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Dundrod Circuit is a motorsport street circuit used for the RAC Tourist Trophy for sports cars between 1950 and 1955 and for the motorcycle Ulster Grand Prix from 1953 onwards. It is situated near the village of Dundrod in Lisburn, Northern Ireland. The nearby Clady Circuit also in County Antrim was used for the Ulster Grand Prix between (1922–1952) before moving to the Dundrod Circuit.[2]

Dundrod Circuit
Dundrod Circuit.svg
LocationLisburn, Northern Ireland
Major eventsRAC Tourist Trophy, Ulster Grand Prix, Dundrod 150, Killinchy 150
Length11.910 km (7.401 mi)
Turns25
Race lap record3 minutes 17.928 seconds — 134.614 mph (216.640 km/h)[1] (Dean Harrison, Silicone Engineering Racing Kawasaki Ninja ZX-10R, 2017)

Contents

HistoryEdit

The Dundrod Circuit (Irish: Dún dTrod) in Co Antrim, first used in 1950 for the RAC Tourist Trophy automobile race and the Formula One (non-championship) Ulster Trophy (1950-1953), was 7.416 mi (11.935 km) in length and later amended for the 1965 racing season to 7.401 mi (11.911 km) with the addition of the Lindsay Hairpin. For the 1953 racing season the Clady Circuit was abandoned for motor-cycle racing and the Ulster Grand Prix as part of the FIM Motorcycle Grand Prix World Championship and was moved to the nearby Dundrod Circuit in Co Antrim. The circuit comprised public roads closed for racing including a section of the secondary B38 Hannahstown Road between Glenavy and Hannahstown, Co Antrim, the secondary B101 Leathemstown Road from Leathemstown Corner to Dundrod and the B153 Quarterland/Tornagrough Road from Cochranstown to the road junction of the B38 Upper Springsfield Road/Hannahstown Road at the Lindsay Hairpin. After 1955 cars stopped racing there due to no less than 3 fatalities during the 1955 TT race and safety concerns with the narrow, high-speed nature of the circuit, and since then it has only been used for motorcycle racing.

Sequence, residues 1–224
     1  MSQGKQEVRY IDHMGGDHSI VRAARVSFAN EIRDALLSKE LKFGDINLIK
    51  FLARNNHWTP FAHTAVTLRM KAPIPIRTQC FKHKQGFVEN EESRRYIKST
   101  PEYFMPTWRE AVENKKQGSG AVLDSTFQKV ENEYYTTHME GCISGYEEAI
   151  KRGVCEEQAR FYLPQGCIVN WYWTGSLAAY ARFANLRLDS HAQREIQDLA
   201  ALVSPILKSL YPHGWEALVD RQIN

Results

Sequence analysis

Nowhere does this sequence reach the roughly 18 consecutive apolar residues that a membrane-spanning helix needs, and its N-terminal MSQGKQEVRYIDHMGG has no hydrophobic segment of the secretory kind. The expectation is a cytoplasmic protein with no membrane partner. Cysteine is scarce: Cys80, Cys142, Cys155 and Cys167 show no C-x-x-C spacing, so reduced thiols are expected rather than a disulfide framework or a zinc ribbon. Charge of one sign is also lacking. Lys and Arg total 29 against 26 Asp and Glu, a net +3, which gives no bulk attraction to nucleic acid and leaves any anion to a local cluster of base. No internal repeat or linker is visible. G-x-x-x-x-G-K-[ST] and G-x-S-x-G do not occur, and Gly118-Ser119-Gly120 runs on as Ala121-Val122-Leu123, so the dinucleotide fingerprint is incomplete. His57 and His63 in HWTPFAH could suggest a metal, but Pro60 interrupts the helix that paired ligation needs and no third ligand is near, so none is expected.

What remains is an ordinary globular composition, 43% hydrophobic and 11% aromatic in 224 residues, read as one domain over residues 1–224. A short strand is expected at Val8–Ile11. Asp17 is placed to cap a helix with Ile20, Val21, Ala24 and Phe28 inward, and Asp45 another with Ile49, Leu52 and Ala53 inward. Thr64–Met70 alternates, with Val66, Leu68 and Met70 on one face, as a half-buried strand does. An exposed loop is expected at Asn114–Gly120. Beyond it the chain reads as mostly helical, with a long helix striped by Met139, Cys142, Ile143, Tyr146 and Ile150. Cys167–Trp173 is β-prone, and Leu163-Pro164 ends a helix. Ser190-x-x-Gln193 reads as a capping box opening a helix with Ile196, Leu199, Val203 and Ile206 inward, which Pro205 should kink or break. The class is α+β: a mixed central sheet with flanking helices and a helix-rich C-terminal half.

The photo below shows the original much tighter hairpin, with the modern hairpin, known now as the Lindsay Hairpin, being slightly further back up the road.

Speed and race recordsEdit

 
Original Hairpin

The lap record for the Dundrod Circuit is 3 minutes and 17.928 seconds at an average speed of 134.614 mph (216.640 km/h) set by Dean Harrison riding a Kawasaki Ninja ZX-10R during the 2017 Ulster Grand Prix.[1] The race record for the Dundrod Circuit is an average speed of 133.180 mph (214.332 km/h) set by Bruce Anstey during the 2017 Ulster Grand Prix.[1]

The lap record for the RAC Tourist Trophy on the Dundrod Circuit is 4 minutes and 42 seconds at an average speed of 94.67 mph (152.3582 km/h) held by Mike Hawthorn driving a Jaguar D-Type set during the 1955 RAC Tourist Trophy.[3] The race record for the RAC Tourist Trophy on the Dundrod Circuit is 7 hours, 3 minutes and 12 seconds an average speed of 88.32 mph (142.139 km) for 84 laps (622.96 miles/1002.518 km) during the 1955 RAC Tourist Trophy race held by the works Daimler-Benz entry of Stirling Moss/John Fitch driving a Mercedes-Benz 300 SLR.

The 1971 Ulster Grand Prix held on the Dundrod Circuit was won by Australian Jack Findlay in what was the Ulster Grand Prix's last year as part of the FIM Grand Prix international motorcycle racing calendar. Findlay's victory on a Suzuki was also notable for marking the first 500cc class win for a motorcycle powered by a two stroke engine.[4][5]

See alsoEdit

SourcesEdit

  1. ^ a b c "MCE Insurance Ulster Grand Prix - MMB Surfacing Superbike Race" (PDF). Ulster Grand Prix. MCUI (Ulster Centre) Timing. 12 August 2017. p. 32. Retrieved 2 June 2018.
  2. ^ Cook, Alastair (2004). Days of Thunder: The History of the Ulster Grand Prix. Gill & MacMillan. pp. 21–22. ISBN 0-7171-3800-3.
  3. ^ The Motor. Temple Press Limited. 1959. p. 5.
  4. ^ Jack Findlay obituary - The Telegraph
  5. ^ "MotoGP Milestones". crash.net. Retrieved 30 March 2017.

External linksEdit